[19] Note, however, that if a covered company must recognize an exposure to a counterparty that hedges the covered company’s exposure to another counterparty with which the covered company has entered into a derivative, the derivative exposure is ignored as a source of exposure to the counterparty to the derivative, regardless of whether the derivative exposure is subject to a netting arrangement. Instead, the covered company now has a credit exposure to the counterparty that provided the hedge.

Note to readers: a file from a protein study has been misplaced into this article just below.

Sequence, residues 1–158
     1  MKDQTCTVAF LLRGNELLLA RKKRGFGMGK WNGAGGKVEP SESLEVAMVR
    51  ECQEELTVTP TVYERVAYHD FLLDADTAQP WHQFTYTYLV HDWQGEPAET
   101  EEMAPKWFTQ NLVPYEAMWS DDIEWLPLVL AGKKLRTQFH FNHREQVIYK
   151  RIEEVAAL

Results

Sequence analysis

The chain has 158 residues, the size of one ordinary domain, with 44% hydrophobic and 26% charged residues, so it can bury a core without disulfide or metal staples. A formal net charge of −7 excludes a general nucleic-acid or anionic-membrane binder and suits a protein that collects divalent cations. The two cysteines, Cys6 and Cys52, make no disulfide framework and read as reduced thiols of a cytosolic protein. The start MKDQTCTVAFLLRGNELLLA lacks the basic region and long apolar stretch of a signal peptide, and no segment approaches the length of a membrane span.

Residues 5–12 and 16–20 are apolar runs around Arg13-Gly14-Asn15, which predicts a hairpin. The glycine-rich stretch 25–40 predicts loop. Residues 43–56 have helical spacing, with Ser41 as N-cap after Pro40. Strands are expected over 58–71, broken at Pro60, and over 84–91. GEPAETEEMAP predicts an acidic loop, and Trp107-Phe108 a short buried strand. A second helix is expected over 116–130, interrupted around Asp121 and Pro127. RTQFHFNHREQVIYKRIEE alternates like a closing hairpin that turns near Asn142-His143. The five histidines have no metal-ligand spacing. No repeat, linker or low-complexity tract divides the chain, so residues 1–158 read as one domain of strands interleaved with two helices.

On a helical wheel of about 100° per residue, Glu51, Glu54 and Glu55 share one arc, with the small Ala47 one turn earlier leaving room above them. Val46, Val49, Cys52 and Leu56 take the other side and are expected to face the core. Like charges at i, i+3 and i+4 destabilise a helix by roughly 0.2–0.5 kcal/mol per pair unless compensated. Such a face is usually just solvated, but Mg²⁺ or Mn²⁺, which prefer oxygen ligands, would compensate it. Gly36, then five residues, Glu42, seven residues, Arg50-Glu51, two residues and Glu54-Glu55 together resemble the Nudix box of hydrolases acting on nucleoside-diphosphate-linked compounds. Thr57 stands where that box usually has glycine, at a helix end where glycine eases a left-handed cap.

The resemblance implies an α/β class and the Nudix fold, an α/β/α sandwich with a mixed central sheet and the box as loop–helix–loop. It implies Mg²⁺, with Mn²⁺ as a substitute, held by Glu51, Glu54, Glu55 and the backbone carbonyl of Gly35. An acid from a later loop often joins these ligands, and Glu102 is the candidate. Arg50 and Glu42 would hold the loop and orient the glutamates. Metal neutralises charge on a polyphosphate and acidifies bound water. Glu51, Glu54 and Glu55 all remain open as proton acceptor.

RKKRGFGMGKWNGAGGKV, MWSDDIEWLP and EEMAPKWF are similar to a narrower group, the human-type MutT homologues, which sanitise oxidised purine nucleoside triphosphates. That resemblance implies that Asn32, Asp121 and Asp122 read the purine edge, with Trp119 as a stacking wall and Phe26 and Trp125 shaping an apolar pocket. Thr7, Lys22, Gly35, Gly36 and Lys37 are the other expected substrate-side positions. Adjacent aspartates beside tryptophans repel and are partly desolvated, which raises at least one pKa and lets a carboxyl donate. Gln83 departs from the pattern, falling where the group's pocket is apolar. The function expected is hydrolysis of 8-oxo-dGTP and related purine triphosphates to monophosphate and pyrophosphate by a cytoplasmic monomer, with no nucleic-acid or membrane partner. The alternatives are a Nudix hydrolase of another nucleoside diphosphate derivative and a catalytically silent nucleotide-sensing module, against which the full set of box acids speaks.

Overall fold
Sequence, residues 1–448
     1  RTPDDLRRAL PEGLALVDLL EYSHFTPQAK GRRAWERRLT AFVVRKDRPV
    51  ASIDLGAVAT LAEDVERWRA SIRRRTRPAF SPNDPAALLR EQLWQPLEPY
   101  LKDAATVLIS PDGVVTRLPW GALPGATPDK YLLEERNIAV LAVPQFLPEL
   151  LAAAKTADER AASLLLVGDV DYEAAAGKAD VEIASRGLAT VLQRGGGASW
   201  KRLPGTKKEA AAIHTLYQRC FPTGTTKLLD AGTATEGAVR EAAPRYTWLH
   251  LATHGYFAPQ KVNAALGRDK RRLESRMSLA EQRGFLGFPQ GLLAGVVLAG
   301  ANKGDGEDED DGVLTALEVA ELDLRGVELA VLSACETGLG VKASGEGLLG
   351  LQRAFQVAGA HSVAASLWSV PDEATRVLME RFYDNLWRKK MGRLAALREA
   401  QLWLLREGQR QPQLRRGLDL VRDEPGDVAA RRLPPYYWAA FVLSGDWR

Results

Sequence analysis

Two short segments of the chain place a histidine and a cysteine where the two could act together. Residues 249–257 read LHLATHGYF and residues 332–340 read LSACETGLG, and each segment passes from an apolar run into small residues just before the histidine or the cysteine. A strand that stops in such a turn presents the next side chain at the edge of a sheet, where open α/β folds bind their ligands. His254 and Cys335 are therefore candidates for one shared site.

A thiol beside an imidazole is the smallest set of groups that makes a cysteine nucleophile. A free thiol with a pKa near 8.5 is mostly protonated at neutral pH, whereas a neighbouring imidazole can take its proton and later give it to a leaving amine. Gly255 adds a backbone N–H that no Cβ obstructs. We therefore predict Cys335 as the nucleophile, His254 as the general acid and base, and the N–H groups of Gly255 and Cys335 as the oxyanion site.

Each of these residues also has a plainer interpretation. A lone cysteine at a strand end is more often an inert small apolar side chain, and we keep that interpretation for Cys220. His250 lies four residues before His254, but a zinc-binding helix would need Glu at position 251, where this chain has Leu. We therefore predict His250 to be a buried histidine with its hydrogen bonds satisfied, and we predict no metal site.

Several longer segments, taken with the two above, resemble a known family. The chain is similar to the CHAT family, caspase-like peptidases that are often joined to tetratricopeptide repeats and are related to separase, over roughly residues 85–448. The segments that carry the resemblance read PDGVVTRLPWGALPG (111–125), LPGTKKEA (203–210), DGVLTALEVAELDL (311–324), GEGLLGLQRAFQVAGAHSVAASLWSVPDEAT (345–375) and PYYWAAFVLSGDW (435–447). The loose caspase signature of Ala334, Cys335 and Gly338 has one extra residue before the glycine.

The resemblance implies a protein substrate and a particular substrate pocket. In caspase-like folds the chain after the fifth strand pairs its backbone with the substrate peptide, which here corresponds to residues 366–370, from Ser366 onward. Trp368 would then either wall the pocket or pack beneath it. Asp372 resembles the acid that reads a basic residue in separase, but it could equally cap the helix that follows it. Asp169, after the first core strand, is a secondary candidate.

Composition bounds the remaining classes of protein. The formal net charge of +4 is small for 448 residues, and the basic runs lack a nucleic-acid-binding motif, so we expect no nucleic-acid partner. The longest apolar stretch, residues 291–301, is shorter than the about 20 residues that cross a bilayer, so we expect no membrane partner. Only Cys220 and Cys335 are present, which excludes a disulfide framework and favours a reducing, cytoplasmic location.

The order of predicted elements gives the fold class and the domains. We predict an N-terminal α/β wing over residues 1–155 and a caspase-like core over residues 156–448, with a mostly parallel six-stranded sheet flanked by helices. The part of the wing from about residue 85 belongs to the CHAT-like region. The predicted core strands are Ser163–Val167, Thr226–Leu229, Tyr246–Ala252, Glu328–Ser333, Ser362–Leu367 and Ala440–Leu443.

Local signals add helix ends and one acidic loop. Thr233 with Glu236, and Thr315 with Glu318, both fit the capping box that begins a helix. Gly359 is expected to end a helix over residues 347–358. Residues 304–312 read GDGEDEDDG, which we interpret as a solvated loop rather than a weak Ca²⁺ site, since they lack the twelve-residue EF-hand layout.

[20] For repurchase and reverse repurchase transactions that are subject to an appropriate bilateral netting arrangement the resulting net exposure equals the exposure at default amount calculated under the generally applicable capital rules, so long as certain conditions are satisfied. The net exposure relating to eligible guaranties, equity derivatives and credit derivatives also involves the calculation of a maturity mismatch factor.